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post #1 of 5 (permalink) Old 08-02-2011, 08:49 PM Thread Starter
 
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Am I Doing This Right??

So recently I decided that I was not going to "force" CC the cockatiel to do anything she didn't want to. I decided that I was not getting very far trying to hand tame her and that maybe, just maybe, if I gave her time, she'd warm up to me and WANT to explore.

It's been three weeks since I made that decision, and she seems as hostile as ever. Hissing when I put my hand near her, even with a treat. The only time she DOESN'T seem aggressive toward me is when she flies away from her cage and wants to get back to it. Then she's all happy chirps and "mommy will you please" looks until I take her back.

So my question is, am I doing it wrong? Should I try another method? I need a sort of "game plan" otherwise I just let her fly free when I'm home and don't interact much with her. I didn't want to overwhelm her, but I'm having second thoughts. Maybe this is the wrong approach.

Any opinions?
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post #2 of 5 (permalink) Old 08-02-2011, 09:22 PM
 
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What I did to teach Kiki to step up and to warm up to her when she didn't know me is take her to unfamiliar territory, a place she spends no time in and a place that's small. I took her to my shower, layed down a towel in the tub so we didn't slip, put her down and I sat down. The tub is good because they can't leave or escape.(Another example is a laundry room, or just the bathroom floor.) I let her get calm first and then we worked on stepping up there. The key is to stay patient and keep calm. I also gave her treats and let her eat from my hand. Millet is good for that, or any of her favorite foods. Contrary to popular belief, you can even use her seeds or pellets (whichever one is her main diet) as a treat.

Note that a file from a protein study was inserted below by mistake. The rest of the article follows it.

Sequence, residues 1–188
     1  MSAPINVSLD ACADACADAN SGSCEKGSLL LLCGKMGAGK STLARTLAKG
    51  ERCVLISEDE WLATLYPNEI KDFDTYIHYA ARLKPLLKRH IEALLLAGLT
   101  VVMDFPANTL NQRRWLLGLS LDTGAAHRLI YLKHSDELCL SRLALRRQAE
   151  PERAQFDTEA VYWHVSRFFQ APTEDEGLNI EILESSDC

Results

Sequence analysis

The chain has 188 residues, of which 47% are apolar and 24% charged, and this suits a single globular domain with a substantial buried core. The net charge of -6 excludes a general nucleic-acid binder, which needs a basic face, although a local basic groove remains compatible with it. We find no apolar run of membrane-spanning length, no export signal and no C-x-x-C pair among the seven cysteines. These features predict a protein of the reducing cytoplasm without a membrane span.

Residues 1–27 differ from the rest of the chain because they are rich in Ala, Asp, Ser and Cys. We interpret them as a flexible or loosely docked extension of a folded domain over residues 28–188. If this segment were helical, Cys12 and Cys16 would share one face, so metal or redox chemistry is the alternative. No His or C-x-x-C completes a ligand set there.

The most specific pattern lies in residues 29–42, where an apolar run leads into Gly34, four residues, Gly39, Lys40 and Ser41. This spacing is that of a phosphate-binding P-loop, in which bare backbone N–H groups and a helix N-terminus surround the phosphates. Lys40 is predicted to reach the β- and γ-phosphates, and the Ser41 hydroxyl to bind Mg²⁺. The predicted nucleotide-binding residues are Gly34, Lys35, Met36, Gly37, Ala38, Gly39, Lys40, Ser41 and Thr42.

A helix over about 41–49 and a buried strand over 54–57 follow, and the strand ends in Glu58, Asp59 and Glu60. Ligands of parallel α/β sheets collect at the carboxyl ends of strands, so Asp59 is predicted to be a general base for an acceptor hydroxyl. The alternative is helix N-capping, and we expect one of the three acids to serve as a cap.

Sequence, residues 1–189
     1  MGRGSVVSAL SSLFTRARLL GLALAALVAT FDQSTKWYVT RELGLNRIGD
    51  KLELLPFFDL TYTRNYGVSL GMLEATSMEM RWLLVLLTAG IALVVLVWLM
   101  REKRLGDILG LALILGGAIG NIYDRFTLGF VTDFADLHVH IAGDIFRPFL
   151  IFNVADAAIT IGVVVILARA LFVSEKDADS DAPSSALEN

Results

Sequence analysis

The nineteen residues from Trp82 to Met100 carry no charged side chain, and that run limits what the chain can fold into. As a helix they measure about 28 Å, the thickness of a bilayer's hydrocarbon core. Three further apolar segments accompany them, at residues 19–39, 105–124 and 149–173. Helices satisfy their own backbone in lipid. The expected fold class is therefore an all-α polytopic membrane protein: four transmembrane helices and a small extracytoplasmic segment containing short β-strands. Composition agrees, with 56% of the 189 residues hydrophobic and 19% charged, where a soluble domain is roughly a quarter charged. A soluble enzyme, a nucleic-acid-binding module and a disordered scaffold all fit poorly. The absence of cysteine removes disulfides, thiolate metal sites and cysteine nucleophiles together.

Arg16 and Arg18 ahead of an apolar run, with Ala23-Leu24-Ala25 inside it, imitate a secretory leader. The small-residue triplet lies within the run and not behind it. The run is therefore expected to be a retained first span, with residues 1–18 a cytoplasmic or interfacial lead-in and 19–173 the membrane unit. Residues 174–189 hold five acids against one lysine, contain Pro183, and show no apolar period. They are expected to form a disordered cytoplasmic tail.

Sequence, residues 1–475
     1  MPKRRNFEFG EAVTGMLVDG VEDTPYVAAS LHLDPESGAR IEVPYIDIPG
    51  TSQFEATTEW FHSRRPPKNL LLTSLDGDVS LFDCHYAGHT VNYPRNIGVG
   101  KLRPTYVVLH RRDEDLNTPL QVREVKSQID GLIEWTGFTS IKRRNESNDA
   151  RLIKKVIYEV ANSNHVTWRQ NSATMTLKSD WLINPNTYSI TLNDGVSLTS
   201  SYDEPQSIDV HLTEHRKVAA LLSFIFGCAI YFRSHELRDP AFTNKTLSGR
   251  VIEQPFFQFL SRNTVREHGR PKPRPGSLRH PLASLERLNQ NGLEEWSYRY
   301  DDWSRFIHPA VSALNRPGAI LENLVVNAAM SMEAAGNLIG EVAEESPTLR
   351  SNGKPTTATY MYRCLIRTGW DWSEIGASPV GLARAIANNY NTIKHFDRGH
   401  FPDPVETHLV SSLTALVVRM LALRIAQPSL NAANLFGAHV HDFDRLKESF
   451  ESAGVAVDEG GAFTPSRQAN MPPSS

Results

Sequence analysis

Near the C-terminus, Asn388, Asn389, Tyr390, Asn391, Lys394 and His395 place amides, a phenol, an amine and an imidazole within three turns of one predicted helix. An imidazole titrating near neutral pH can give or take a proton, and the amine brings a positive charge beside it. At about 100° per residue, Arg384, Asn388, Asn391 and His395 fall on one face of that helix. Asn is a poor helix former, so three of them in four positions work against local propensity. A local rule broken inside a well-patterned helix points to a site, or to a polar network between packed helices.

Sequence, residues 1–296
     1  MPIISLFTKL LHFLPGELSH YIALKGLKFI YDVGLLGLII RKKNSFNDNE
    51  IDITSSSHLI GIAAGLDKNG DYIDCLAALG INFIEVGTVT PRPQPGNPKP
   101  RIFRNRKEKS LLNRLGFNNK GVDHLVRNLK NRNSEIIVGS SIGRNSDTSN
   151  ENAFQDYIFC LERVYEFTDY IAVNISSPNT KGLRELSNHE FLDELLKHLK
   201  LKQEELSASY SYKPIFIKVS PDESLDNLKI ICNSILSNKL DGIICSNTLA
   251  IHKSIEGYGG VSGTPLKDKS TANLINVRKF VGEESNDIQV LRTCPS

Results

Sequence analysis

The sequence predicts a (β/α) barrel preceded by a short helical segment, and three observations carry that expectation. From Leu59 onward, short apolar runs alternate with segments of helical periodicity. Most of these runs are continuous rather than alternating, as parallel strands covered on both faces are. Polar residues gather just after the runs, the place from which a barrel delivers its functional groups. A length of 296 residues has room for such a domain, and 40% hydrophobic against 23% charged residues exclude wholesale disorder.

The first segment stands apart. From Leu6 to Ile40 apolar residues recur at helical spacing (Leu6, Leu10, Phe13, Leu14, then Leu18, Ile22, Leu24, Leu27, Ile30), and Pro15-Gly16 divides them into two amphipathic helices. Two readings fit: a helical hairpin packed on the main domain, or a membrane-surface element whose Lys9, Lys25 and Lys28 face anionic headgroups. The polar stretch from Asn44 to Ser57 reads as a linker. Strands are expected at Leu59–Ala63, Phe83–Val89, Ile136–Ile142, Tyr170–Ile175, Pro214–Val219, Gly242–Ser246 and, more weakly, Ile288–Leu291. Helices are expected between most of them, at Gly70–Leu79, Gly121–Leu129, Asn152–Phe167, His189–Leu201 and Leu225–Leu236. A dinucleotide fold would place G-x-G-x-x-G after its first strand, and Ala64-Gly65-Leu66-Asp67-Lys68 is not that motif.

I talked to her in a soothing voice and we just sort of chilled together when I took a few minutes away from trying to get her to step up. Be persistant with this, I know it can be frustrating. Also, the key is to end on a good note ALWAYS. And when you have actual training sessions (of stepping up, not of feeding her from your hand and such) fifteen minutes at a time, several times a day is good.

But what I see here is she just isn't very friendly with you, so you want a mix of all of this, not just simply training to step up, but also just letting her know you mean no harm, so she will warm up to you and you guys can become buds. Like I said before, that really just includes talking to her in a soothing voice, feeding her all kinds of treats from your hand, praising her when she does something good or comes to you, etc.

(Also...The reason I say "unfamiliar territory" is because your 'tiel is probably territorial to a degree, and also feels safe and likes her cage. When away from that and in a neutral zone, there's no cage to see and go to and no territory. Does that make sense?)

Am I being clear or just babbling?
I hope I've helped some. If not, I'm sorry, and I wish the best of luck to you and I hope all goes well.




DIGBY 4-year-old male Congo African Grey

Last edited by Abby; 08-02-2011 at 09:24 PM.
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post #3 of 5 (permalink) Old 08-02-2011, 09:53 PM Thread Starter
 
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No, that does help I can see if I can't do maybe three or four fifteen-minute bathroom sessions a day and see if she doesn't come around a little. I guess I just needed some kind of basic structure to follow so I knew I wasn't making her worse by trying to be up close and personal, hehe.
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post #4 of 5 (permalink) Old 08-02-2011, 10:02 PM
 
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Yeah, I would plan out certain times of the day to spend time with her and get a routine for a little while, spending time in the bathroom just loving on her or whatever. I really hope all goes well.




DIGBY 4-year-old male Congo African Grey
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post #5 of 5 (permalink) Old 08-03-2011, 12:43 PM



 
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try stick training. It's like one of my favourite methods. Eventually the bird gets so used to stepping up on to the stick for you that you can try using your hand. I've done it for most of my birds and it works a charm

- Alexandrine parakeets Holly, George, Koda & - Crimson rosella Kasumi Orange winged Amazon parrot Paulie
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